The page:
Hostile workplace culture and a lack of day-to-day flexibility are the leading reasons why women leave their jobs in STEM, according to a new study by the University of South Australia.
The study was conducted to explore the lived experiences of women and non-binary people working in STEM in a bid to understand the “drivers of this imbalance”.
The research, released on Monday, notes that despite “concerted investment by both industry and government” into equity in STEM programs it has been “next to impossible” to assess the impact of such programs on an individual level to date.
“There are… hundreds of ‘Women in STEM’ programs operating in Australia, and as many as 204 such programs operating in South Australia. The impact of these programs is, at best, unclear,” the South Australian Academy for Gender Equity in STEM study said.
“At the macro level, we have seen an increase in women’s participation in STEM education in schools and though into undergraduate education. Any gains from there into graduate education, career, and senior career, however, have been modest.”
For the study, a series of roundtables attended by 75 participants were held in Adelaide, Mount Gambier and Whyalla over the last 12 months to source the views of both those working in STEM, as well as school and university students wanting to pursue a career.
The roundtables overwhelmingly identified culture as the “biggest drivers of gender inequality” for current employees, followed by unconscious bias – within and outside the workplace – and inflexible work hours as the biggest obstacles.
“Unsupportive or hostile culture was consistently mentioned during the think tanks as a major barrier to women in the workplace and was often reported as a cause for women leaving a job,” the report said.
The report has recommended policies to promote workplace flexibility for all employees regardless of gender, in part to encourage greater participation in unpaid care work by men – which in itself would help shift the dial on “societal stereotypes and messaging”.
For future employees, the external culture and stereotypes were identified as the major barriers. Mentoring and network building programs, including for young entrepreneurs, are among the support mechanisms recommended.
The report also recommends subsidising professional development and outreach activities, to incentivise women to take on leadership roles, as well as regular training gender awareness equity training for those in leadership roles.
“STEM is a growth sector. That women and people of non-binary gender are not accessing, or are unable to access, this sector at a similar rate to men presents obvious equity issues in the short and long-term,” the study said.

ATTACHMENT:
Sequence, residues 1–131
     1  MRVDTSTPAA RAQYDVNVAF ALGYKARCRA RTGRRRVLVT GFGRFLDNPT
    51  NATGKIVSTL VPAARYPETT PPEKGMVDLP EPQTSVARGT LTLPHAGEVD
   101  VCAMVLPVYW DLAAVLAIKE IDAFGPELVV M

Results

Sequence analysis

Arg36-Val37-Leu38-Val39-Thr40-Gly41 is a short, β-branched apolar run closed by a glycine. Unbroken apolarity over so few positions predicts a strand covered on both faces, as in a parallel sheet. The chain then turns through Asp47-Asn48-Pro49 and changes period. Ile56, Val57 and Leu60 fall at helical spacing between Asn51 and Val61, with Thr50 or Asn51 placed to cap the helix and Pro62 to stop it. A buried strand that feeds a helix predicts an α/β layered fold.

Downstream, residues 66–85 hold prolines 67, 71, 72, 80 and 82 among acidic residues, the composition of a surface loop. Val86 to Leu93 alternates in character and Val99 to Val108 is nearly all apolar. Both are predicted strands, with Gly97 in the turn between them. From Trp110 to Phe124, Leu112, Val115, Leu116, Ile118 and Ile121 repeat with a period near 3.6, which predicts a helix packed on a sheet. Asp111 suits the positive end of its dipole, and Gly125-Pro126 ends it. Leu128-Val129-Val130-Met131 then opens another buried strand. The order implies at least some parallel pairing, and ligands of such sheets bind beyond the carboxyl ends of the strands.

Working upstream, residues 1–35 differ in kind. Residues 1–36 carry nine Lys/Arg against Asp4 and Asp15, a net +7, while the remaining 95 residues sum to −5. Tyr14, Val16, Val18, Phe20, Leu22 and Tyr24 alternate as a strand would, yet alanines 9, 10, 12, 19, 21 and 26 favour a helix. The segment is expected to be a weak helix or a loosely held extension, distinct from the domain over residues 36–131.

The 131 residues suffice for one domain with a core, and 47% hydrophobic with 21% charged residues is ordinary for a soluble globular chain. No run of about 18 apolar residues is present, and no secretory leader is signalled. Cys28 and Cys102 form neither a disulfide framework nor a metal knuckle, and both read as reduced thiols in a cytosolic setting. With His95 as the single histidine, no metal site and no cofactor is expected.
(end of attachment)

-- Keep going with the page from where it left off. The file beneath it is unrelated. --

“On the other side of this equation, the STEM industry across Australia is already struggling to fulfill its workforce needs; a challenge that is greatly exacerbated by its inability to recruit from the entire population.”
University of South Australia researcher Dr Deborah Davis, the report’s lead author, said feedback from participants demonstrates that achieving genera equity in the STEM workforce remains some way off.
“These obstacles raised by women working in the sector should be a red flag as they continue to exacerbate critical STEM industry workforce shortages across the country,” she said in a statement accompanying the study.
Despite the hundreds of programs aimed at fostering diversity in STEM, Dr Davis also said the impact of such programs is “unclear”, with the increasing interest of young women in STEM not converting to workplace participation.
“We have seen a significant increase in girls studying STEM subjects in schools and undergraduate degrees, but only a small increase in postgraduate programs and young women pursuing STEM careers,” she said.
The federal government is currently accepting submission to its review of Women in STEM programs. The review, announced last September, intends to identify barriers faced by underrepresented groups.
Last month, independent panel chair and Cicada Innovation chief executive Sally-Ann Williams told InnovationAus.com that the “complex challenge” would require a systemic, collaborative solution to effect real change.
“We need to have an approach that looks at the entire system and can make recommendations for things for government to do and act on, things for industry to do and act on, and things for community to do and act on,” she said in March.
According to the review’s terms of reference, Women make up 16 per cent of people with STEM qualifications. Of First Nations people, only 0.5 per cent hold university-level STEM qualifications.
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